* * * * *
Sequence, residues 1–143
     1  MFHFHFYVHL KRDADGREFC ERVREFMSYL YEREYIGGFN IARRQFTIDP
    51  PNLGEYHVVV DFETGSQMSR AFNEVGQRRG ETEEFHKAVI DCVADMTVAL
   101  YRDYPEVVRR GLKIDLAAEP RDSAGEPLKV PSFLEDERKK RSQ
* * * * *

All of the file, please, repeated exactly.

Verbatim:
Sequence, residues 1–143
     1  MFHFHFYVHL KRDADGREFC ERVREFMSYL YEREYIGGFN IARRQFTIDP
    51  PNLGEYHVVV DFETGSQMSR AFNEVGQRRG ETEEFHKAVI DCVADMTVAL
   101  YRDYPEVVRR GLKIDLAAEP RDSAGEPLKV PSFLEDERKK RSQ